Java Notes

Throwing Exceptions

Prev: Exceptions

Throwing predefined exceptions

It's common to test parameters of methods or constructors for legality. But if the value is illegal, what should you do? If your class is designed to be called by other, you should define your own exceptions, so you can document the errors for them more easily.

But if your methods are only being called by your own code, you can either use an assert or throw an exception. I often use something like the following, supplying a comment with the class, method, and meaningful comment.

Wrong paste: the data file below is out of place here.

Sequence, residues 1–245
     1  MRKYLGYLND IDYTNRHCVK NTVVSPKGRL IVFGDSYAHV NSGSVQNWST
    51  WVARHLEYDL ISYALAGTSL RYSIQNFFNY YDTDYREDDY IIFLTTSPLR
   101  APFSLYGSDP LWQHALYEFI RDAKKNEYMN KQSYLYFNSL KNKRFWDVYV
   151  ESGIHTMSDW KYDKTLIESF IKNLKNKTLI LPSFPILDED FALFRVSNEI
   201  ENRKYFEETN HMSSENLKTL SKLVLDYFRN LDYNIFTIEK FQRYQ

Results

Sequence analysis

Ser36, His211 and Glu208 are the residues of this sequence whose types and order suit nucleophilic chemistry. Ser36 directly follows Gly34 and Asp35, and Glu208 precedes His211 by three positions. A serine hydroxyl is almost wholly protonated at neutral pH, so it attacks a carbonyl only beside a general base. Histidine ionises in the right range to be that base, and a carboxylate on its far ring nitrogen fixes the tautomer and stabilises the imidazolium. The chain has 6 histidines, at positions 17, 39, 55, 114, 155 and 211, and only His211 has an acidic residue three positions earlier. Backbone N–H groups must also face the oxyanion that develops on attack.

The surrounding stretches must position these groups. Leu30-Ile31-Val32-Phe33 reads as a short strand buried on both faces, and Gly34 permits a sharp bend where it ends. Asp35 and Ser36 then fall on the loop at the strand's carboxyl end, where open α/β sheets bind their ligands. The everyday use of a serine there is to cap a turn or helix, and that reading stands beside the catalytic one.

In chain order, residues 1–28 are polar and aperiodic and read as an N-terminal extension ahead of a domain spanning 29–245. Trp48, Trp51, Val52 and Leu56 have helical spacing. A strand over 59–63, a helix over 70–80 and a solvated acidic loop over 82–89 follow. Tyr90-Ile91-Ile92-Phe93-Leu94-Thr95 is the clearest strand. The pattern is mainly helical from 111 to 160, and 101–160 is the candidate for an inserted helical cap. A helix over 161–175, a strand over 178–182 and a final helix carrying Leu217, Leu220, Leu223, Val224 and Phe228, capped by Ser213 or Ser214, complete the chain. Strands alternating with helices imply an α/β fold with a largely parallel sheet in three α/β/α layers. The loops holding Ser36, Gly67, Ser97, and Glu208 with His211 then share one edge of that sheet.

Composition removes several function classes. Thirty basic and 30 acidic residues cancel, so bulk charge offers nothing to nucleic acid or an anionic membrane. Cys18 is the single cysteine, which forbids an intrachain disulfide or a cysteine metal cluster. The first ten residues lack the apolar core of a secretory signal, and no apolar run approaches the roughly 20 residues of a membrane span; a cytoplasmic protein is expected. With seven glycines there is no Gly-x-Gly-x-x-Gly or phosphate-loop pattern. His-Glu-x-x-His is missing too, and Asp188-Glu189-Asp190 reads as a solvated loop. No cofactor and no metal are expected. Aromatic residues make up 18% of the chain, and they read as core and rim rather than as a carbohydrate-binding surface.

if (age < 0) {
    throw new IllegalArgumentException("PhysicalExam.scaleBloodPressure: age is negative");

Note that this shouldn't be used for illegal user input -- that should have been checked in the interface. This should only be thrown if there is a programming error. Only the programmer should see this exception.

Defining your own exceptions

You can also create your own exceptions. [Not yet written]

Define library exceptions to tell programmer they should fix their code

If you write a library that is used by others, throw your own exceptions if your code is called with illegal values, eg, something isn't initialized. Your exceptions are a way to tell the applications programmer that they should fix their code.